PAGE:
A junk sail is a framework of battens and bolt ropes, this takes all the loads. The sail cloth is lashed to this and is quite incidental, the cloth doesn't take any of the structural loads, it merely provides a medium for the wind to act on. This is its strength. In contrast a bermudan's sail cloth is definitely a structural part of the rig and the material is heavily reinforced to be so. This is why junks sail cloth can last so long, there's very little load acting on it. If it does rip, it can mostly be ignored, if it rips badly, it will be confined to one panel and the quick and easy fix is to tie the two battens bordering the bad panel together, so a 7 panel sail becomes a 6 panel sail.
There are very few fittings, lines are fastened with bowlines to the pad eyes at the mast head and those on the deck. Very simple.
Ashiki suffered a rip at the bolt rope, actually we didn't install bolt ropes, thinking heavy tabling and gussets would be enough. But not really (We'll sew in webbing bolt ropes sometime in the future), the top panel on the foresail started to tear at the luff. We were at sea at the time so we dropped the foresail and hove to, I put on the harness, walked forward and tied the yard and the first batten together at the luff with some 6mm line. This took the load off the sail fabric in the top triangular panel and Ashiki was good to go for the next 500 miles. That was a 10 minute operation.
It was a bad experiment to go without bolt ropes, going against 2,000 years of junk rig evolution and we paid the price (small as it was). I learnt my lesson. But this incident highlights how easy repairs are and how effective the rig is. I effected a repair of what would be a MAJOR incident on a bermudan in 10 minutes in pitching seas and the result is almost permanent. Short of the masts falling down, there's virtually nothing that can stop a junk rigged boat.
We have sailed this rig over 5,000 nautical miles so far, the only chafe is the batten pockets where it rubs against the mast. The pockets are worn through and ripped at that point. This has no impact on function as having pockets the whole length of the battens are overkill anyway.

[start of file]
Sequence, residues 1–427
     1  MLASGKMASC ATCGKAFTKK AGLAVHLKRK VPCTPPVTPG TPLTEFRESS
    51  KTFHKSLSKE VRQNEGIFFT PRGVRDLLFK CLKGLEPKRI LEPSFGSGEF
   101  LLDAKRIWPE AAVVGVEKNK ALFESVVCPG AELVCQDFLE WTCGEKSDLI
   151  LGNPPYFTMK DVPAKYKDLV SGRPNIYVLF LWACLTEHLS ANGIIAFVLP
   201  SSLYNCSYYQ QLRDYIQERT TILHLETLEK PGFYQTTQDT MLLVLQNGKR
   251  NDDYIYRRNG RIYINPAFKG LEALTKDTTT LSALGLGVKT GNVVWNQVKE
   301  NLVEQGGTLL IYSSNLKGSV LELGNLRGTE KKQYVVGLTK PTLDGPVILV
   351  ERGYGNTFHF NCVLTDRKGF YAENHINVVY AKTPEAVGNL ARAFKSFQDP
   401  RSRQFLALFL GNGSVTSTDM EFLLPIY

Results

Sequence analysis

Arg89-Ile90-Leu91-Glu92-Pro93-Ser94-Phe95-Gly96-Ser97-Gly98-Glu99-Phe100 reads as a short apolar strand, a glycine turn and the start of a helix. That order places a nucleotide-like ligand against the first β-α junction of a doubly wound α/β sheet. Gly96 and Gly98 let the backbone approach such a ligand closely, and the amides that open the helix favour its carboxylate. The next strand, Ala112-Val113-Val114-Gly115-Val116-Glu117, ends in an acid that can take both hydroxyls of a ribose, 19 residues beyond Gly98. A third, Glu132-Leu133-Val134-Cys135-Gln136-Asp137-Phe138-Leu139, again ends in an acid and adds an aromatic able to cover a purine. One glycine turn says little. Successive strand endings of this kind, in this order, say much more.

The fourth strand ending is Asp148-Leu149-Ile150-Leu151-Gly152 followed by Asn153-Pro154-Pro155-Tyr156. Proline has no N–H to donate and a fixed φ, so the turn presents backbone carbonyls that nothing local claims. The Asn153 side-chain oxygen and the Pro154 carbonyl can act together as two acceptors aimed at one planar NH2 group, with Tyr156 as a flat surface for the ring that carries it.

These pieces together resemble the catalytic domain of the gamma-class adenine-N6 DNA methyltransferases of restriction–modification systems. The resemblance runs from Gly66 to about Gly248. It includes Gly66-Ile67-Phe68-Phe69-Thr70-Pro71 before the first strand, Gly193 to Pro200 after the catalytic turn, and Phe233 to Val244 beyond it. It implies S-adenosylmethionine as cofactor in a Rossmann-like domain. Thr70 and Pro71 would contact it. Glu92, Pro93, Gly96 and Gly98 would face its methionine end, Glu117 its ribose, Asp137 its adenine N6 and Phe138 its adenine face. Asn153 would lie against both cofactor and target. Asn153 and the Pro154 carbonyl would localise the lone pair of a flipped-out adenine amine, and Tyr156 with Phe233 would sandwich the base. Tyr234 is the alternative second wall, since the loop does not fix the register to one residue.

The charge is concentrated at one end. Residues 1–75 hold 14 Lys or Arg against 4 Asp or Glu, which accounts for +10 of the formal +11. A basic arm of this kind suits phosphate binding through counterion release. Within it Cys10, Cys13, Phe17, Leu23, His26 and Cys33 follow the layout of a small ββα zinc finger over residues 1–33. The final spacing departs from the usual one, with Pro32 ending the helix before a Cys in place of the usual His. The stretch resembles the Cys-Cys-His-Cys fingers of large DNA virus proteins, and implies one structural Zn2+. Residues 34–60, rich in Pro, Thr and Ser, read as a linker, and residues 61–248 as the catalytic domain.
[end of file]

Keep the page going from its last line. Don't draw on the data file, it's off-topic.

Before sailing this rig I did read claims on the net by enthusiasts that junks have low stress gybes. We haven't found this to be the case. It can slam with the best of them. Maybe our rig isn't particularly balanced enough to cushion the blow or this may only be a characteristic of the powerful cambered sails, as opposed to the old flat panelled sails. But prudent sheeting in before going around is needed with this rig, as with bermudan.
Potentially a real problem. We haven't had one yet, thank Neptune, but it would be a nasty mess to clean up in a gale! A fan up happens during an accidental gybe and the all the battens end up pointing skyward, and probably falling forward of the mast. I guess it means just don't do accidental gybes.
In calms the battens tend to clang against the mast, this requires a better pocket design than we have now. Thinking of PVC pipe with carpet cemented on. We lash the bundle securely at anchor so no noise then.
The sail bundles are heavy. Though not an issue for the boat handing or performance wise, in fact many boats can benefit from a little weight aloft, this slows the motion of a rolling boat. The issue is that sail handling requires some energy. We don't have winches on Ashiki, the 3 part blocks on the halyards are enough. Winches make very slow work of sail raising, while hauling by hand requires one to have a had a hearty breakfast beforehand. Too much reefing and shaking out of reefs can mean a real workout! But sailing compared to other sports is low on cardio exercise so I consider it a positive, so be like the grinder on those high tech race yachts, junk sailors have muscle! OTOH the more elderly junk sailor can always use an electric winch handle.